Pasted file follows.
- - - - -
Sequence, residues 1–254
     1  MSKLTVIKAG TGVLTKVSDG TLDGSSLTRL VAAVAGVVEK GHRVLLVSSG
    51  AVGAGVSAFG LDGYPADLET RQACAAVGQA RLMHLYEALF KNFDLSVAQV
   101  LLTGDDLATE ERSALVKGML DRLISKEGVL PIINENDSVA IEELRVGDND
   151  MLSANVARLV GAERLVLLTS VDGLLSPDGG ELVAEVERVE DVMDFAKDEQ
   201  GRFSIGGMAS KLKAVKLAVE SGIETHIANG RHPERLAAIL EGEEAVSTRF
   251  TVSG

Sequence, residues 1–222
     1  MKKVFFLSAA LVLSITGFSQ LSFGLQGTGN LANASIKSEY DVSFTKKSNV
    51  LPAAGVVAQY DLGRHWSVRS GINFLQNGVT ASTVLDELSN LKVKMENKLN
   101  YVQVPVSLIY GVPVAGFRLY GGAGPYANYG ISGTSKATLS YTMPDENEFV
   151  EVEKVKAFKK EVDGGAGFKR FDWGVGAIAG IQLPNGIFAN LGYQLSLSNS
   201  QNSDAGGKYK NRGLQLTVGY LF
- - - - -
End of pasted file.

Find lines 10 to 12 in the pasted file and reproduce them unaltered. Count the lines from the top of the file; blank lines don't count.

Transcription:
    51  LPAAGVVAQY DLGRHWSVRS GINFLQNGVT ASTVLDELSN LKVKMENKLN
   101  YVQVPVSLIY GVPVAGFRLY GGAGPYANYG ISGTSKATLS YTMPDENEFV
   151  EVEKVKAFKK EVDGGAGFKR FDWGVGAIAG IQLPNGIFAN LGYQLSLSNS